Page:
That was what made Civil War leaps and bounds better than the comic book version. Regardless of whose side you were on, you understood why Steve and Tony would make the choices they did, unlike the comic book where Tony basically became Nazi-Tron. In the Team Iron Versus Team Cap debate, I’m more on Team They’re Both Struggling With PTSD and Make Bad Choices As A Result, or Team Shades of Grey to shorten things. Neither of them were completely in the right or in the wrong, just again struggling with massive emotional issues that led to them jumping to conclusions and making horrible mistakes as a result.
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  #14  
Old 16 July 2018, 05:40 AM
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I'm trying to think of a character in the MCU who couldn't use a therapist.

The only one who comes to mind is Groot.
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Old 16 July 2018, 02:42 PM
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Originally Posted by ASL View Post
I think it’s a little more nuanced than that. I think he was suitably traumatized by flying a nuke through a wormhole and it convinced him that a concerted effort was needed to defend the Earth and that didn’t leave room for lone heroes anymore.
That may be part of it, but he was already doing more and more severe things to assuage his guilt before the Battle for New York.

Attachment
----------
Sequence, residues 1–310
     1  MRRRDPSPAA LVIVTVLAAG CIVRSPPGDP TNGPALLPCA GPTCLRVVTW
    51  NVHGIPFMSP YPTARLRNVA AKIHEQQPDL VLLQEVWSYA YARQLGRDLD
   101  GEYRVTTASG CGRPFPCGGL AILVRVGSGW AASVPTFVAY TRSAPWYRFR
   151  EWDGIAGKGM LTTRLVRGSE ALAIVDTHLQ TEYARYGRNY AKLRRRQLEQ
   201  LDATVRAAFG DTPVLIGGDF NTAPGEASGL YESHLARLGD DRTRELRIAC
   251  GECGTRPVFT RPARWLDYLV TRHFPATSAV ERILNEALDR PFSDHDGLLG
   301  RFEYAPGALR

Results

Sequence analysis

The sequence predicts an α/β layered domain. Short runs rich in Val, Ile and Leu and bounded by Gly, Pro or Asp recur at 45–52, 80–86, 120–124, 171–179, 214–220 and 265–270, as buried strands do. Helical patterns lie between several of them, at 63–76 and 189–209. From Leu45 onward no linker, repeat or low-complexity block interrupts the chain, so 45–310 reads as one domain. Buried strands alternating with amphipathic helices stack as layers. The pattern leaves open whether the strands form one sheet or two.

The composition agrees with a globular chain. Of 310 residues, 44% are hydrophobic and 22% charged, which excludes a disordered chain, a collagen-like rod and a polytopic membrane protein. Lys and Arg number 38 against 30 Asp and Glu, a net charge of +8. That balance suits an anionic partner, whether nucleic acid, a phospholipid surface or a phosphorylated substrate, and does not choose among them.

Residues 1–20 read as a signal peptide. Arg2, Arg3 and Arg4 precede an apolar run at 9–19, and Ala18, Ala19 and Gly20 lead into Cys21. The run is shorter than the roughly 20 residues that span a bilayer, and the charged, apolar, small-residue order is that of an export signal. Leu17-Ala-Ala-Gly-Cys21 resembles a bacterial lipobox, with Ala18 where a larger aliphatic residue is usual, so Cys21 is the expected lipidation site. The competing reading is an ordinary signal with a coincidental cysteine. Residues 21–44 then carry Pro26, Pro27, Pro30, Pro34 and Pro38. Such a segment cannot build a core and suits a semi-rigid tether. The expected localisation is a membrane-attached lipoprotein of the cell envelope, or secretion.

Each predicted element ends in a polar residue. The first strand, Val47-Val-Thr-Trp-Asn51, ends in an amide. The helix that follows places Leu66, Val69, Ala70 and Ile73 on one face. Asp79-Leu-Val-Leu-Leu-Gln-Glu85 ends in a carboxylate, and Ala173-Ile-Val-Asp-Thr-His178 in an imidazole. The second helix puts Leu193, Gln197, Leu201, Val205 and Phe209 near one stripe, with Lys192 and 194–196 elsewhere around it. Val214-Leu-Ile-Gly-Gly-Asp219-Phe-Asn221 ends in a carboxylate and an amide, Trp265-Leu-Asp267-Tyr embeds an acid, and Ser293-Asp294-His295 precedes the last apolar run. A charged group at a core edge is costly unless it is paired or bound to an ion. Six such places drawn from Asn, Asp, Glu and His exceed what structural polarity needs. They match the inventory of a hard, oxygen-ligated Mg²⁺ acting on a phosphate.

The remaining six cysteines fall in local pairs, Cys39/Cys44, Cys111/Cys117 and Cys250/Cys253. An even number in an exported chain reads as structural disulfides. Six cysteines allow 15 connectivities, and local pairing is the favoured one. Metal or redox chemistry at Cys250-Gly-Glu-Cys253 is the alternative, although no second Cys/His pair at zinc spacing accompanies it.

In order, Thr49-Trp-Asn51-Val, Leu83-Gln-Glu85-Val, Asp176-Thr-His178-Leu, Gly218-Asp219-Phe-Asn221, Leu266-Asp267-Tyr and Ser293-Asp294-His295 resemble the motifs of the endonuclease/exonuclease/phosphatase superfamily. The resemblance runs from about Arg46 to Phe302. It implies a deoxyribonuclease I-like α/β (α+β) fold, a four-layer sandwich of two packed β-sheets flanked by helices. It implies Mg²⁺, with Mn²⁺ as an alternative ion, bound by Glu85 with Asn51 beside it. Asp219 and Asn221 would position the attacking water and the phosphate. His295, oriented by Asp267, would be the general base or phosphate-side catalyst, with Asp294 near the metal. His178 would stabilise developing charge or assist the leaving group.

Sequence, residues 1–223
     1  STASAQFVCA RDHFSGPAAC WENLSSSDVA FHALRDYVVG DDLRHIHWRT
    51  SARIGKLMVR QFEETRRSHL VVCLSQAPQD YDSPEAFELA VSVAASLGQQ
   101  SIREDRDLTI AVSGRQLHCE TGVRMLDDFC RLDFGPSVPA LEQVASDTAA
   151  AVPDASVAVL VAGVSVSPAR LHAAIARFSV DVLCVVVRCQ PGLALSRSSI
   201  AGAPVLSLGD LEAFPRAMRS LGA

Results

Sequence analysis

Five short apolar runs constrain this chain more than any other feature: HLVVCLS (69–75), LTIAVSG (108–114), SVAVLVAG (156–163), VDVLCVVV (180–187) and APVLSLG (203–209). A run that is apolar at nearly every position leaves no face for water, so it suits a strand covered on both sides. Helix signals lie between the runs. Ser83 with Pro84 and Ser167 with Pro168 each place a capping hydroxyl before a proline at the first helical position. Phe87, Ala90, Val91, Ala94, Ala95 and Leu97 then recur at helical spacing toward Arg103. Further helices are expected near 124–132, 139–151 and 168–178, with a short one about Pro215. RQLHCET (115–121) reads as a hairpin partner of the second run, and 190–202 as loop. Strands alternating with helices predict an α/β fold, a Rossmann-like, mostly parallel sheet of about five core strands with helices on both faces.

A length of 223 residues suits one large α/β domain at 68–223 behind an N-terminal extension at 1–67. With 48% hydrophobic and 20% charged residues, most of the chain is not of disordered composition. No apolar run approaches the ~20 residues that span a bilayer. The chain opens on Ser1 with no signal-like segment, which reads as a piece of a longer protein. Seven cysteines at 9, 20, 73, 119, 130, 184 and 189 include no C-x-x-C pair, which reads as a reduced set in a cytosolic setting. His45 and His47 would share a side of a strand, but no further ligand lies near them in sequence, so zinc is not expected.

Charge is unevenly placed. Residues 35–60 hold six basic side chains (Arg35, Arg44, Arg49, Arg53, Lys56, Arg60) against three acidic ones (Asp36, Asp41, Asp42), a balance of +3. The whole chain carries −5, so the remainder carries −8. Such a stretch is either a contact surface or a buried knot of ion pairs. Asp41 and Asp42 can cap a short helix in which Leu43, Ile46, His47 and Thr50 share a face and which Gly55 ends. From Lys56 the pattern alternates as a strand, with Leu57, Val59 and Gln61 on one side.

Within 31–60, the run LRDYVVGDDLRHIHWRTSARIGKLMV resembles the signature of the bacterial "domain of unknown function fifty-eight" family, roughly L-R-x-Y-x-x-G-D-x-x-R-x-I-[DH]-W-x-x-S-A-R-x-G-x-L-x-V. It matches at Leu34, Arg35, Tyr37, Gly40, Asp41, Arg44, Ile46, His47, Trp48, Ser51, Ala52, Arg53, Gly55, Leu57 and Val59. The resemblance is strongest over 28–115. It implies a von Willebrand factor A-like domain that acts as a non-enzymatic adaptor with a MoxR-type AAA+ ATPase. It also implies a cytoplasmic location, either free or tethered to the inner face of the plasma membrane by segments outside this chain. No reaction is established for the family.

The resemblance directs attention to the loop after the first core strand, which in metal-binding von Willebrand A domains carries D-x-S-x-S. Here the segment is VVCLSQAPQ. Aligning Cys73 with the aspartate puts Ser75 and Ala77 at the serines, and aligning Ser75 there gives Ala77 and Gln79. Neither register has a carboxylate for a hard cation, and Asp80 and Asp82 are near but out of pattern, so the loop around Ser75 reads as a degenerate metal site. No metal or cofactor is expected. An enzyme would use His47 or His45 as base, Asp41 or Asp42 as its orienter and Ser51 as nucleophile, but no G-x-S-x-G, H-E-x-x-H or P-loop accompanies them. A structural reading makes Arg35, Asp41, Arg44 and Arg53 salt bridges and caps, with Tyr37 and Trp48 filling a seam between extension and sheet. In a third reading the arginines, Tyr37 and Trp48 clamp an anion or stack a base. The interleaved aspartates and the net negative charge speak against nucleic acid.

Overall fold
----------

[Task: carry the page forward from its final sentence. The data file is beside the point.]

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Wait, wait... so you’re telling me that the government is controlled by the Nazis, or rather the same people who controlled the Nazis, and that's why Cap gets to engage in armed rebellion against it? Sounds too far fetched to me, like one of those sovereign citizen conspiracy theories or something.
Yeah, next I'll be trying to tell you that Norse mythology is real.

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To get the nitpick out of the way, Winter Soldier was the one with the helicarriers, and I think a lot of the people who give Steve grief, greatly underestimate the impact that reveal had on him.
Right. What I meant was that in Civil War, he was coming off the experience of having had to fight his own government, not that he was doing that fighting during Civil War.

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He thought he was on the right side, but it turns out that the organization he was working for, was chock full of Nazis.